11 July 2010…Sulfide!!!

We began the day with a CTD cast at our main sampling station, which we are calling LIDZ-1.  We fired a niskin bottle just to check and found that the bottom water smelled strongly of hydrogen sulfide.  So we missed the “suboxic” bottom water region somewhere between our first and second sampling sites.  No matter – we collected core samples and did CTD casts at three locations (shallow, middle, deep), anchored at our main station, and began our pump collection at eight depths.  We had fine-smelling sulfide up to 11 meters depth. 

Maryland Sea Grant REU Steven Aragon updating the sample log

After we finished and got our samples packed away safely we took a short break to watch the end of the World Cup finals.  Then we dove back in to finish processing sediment core incubations, bacteria production measurements, sulfate respiration measurements, DNA samples, and bacteria and virus cell count filters, and the copepod team ran more zooplankton incubation experiments.

That evening we convened to decide on our next station.  We are interested in the succession of microbial metabolism in the bottom waters as they go from oxic to suboxic to anoxic to sulfidic.  During this succession the microbes change how they respire, or metabolically burn, organic matter.  They start out using oxygen (like we do), then switch to nitrate if it is available.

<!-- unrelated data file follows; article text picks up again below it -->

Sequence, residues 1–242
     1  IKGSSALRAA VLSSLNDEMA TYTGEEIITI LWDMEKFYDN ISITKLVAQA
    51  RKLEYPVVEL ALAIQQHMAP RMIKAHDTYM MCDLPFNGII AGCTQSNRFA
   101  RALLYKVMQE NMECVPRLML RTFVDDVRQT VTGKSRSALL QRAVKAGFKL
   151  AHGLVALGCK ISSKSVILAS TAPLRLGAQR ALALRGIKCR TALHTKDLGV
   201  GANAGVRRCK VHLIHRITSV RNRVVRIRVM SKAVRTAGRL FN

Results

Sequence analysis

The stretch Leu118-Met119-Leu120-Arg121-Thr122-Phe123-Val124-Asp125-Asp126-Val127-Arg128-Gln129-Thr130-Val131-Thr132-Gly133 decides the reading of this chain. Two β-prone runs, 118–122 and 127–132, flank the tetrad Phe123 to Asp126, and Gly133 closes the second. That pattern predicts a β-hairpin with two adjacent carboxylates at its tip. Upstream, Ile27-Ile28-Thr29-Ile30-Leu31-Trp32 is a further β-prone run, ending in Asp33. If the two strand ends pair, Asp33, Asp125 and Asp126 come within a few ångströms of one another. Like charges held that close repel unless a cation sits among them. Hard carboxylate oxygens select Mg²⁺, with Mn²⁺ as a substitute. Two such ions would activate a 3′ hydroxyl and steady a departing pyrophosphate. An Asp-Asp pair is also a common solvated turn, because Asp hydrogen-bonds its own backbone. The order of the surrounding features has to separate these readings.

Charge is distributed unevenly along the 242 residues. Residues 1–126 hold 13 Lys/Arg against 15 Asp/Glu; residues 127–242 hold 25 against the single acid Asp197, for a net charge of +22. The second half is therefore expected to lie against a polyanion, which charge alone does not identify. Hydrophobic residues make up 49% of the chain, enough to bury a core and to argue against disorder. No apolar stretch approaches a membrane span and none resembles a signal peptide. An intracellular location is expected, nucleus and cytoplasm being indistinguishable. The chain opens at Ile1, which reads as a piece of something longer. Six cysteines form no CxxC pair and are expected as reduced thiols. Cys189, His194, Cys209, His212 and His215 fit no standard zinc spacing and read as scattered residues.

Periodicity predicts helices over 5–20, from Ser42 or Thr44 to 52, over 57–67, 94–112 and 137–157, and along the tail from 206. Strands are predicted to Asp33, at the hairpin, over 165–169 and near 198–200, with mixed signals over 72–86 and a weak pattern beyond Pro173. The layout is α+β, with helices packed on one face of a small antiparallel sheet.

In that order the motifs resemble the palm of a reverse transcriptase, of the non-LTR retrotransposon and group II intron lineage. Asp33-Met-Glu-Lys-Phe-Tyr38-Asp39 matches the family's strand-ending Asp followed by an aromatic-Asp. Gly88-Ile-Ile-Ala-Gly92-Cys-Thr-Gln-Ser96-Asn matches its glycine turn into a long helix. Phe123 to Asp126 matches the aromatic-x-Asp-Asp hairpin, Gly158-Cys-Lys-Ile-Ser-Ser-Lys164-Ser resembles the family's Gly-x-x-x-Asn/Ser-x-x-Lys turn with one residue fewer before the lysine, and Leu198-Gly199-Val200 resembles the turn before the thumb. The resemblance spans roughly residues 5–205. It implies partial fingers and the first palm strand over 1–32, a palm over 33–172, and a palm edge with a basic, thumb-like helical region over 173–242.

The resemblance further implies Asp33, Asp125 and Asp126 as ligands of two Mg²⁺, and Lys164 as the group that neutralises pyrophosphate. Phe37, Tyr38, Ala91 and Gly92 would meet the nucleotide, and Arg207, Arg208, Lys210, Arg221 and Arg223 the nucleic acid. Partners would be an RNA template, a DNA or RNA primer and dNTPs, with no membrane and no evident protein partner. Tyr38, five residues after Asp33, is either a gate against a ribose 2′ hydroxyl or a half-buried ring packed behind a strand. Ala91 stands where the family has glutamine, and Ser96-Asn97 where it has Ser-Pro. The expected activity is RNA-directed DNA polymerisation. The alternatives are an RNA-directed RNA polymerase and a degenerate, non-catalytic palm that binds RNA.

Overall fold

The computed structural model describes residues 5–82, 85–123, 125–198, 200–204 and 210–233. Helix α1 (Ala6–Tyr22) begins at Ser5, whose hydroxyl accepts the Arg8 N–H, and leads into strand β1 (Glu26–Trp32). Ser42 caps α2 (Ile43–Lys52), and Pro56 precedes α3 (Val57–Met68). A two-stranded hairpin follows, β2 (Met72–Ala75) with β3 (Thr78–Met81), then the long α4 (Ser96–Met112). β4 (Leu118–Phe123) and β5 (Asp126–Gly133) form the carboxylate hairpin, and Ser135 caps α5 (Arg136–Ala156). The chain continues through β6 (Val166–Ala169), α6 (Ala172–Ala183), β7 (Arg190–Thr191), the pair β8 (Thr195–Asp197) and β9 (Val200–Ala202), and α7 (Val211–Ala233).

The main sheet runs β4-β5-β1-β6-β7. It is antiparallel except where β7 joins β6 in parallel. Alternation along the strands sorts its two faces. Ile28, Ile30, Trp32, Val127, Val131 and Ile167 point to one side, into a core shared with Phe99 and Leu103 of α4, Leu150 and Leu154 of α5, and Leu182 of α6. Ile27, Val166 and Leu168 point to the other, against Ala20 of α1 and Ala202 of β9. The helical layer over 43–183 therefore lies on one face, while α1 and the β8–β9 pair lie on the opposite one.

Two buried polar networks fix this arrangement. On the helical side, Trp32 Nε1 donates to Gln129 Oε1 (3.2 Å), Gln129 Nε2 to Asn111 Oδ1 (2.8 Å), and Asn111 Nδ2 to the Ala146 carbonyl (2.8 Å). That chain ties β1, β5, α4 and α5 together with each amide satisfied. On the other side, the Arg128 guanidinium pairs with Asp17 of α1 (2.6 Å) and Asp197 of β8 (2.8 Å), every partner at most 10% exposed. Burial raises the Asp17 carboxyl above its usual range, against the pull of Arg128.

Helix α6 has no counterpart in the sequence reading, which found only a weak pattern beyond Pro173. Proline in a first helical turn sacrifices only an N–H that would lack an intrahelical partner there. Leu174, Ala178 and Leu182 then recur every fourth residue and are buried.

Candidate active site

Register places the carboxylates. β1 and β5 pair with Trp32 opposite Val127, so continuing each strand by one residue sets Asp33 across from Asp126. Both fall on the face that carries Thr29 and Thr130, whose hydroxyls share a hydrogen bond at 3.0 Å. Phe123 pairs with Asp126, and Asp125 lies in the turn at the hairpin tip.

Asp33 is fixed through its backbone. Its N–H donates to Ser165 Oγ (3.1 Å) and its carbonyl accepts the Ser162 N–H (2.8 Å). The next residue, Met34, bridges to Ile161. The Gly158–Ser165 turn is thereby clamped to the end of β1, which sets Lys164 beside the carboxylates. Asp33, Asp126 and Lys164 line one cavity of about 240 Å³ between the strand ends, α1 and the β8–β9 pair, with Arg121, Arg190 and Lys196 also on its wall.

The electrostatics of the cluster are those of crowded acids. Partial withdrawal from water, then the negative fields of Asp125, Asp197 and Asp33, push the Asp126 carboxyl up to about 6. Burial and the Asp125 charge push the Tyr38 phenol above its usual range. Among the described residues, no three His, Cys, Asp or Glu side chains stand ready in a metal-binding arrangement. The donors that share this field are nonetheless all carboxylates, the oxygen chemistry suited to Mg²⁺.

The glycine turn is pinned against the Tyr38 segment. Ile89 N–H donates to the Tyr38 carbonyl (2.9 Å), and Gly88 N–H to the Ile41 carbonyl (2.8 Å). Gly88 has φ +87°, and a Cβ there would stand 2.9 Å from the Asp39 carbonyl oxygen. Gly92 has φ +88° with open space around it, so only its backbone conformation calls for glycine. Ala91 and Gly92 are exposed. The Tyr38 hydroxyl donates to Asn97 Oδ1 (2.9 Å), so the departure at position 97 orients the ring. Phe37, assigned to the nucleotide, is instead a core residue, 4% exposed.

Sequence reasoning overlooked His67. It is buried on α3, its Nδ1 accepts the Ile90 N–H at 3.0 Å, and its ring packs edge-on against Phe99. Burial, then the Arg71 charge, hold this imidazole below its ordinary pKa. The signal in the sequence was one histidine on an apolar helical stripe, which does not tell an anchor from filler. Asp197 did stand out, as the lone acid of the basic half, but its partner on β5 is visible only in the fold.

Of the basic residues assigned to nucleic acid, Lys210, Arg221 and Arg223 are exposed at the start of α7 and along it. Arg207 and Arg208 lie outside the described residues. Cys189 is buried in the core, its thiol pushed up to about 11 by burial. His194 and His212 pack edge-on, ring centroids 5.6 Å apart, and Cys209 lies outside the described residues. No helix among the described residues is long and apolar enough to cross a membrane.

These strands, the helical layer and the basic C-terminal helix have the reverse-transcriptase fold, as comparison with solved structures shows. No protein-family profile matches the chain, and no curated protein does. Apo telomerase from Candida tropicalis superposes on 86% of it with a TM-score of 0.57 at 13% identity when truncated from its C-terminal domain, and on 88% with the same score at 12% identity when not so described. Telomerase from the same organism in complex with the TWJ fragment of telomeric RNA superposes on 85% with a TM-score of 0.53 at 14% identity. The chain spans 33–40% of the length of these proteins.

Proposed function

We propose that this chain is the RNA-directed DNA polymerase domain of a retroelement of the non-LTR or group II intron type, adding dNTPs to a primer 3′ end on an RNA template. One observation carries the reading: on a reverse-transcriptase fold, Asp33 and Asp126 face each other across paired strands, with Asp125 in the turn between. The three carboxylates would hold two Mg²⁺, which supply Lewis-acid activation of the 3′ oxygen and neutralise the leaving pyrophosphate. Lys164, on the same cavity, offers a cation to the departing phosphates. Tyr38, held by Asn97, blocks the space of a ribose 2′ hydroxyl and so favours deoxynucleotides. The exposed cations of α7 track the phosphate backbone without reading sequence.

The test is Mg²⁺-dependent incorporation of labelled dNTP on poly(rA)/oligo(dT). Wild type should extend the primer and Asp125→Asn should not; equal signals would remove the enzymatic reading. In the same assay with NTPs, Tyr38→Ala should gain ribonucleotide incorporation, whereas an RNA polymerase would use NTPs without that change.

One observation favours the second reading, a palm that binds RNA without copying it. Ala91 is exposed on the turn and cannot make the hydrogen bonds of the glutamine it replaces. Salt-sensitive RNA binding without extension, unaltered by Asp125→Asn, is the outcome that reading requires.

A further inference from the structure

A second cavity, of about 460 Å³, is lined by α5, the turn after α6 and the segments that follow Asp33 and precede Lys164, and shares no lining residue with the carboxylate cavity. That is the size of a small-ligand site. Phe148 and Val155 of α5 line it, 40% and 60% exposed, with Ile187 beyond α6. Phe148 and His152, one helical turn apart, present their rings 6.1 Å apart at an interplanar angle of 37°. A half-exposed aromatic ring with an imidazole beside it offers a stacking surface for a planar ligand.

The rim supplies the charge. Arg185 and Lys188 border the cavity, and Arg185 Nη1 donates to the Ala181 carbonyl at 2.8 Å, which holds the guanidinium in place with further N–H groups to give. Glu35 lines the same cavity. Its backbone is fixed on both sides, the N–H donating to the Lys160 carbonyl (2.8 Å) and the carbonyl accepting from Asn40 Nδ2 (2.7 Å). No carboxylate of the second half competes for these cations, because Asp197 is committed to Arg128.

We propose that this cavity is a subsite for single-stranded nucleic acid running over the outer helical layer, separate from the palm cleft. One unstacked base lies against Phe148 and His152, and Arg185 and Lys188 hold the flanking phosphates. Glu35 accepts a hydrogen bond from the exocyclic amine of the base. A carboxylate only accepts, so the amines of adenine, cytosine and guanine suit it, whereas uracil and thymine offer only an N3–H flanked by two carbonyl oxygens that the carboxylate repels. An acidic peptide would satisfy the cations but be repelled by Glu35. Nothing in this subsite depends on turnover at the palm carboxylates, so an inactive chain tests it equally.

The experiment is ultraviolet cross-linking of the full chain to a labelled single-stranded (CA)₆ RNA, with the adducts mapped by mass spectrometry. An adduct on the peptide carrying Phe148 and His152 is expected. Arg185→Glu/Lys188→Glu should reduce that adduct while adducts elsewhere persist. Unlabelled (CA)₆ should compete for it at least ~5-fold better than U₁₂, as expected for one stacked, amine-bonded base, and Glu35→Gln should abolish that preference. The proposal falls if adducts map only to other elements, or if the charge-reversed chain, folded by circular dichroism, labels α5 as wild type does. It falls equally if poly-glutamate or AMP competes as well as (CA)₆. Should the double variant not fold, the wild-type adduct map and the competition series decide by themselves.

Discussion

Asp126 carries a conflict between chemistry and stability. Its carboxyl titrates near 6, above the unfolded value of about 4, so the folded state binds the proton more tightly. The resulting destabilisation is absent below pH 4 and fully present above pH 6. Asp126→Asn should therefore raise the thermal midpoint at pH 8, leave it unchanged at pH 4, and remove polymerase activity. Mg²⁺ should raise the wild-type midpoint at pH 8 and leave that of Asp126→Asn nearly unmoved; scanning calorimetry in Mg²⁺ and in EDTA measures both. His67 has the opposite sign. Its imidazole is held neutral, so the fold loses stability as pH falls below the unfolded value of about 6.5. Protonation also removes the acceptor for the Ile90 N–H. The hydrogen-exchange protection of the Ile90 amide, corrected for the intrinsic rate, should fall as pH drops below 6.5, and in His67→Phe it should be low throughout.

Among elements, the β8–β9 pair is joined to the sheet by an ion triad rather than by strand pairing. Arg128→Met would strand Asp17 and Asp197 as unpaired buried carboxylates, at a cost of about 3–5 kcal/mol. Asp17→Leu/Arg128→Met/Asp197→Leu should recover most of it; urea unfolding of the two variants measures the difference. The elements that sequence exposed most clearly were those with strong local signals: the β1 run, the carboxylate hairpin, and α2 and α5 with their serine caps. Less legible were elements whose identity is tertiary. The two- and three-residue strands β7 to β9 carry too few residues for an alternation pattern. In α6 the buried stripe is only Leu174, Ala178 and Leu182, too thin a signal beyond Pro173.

Ted Hermann and Alex Wolverton of Cornell U. taking an RNA sample for metatranscriptomic analysis

After that they switch to oxidized manganese and iron if they are available.  And finally, when there are no other oxidants around they switch to sulfate – and when they do they produce hydrogen sulfide – a noxious gas that smells like rotten eggs.   So for our next station we decided to search for bottom water that had no oxygen and no hydrogen sulfide.  We set our plan with the captain and hit the rack.

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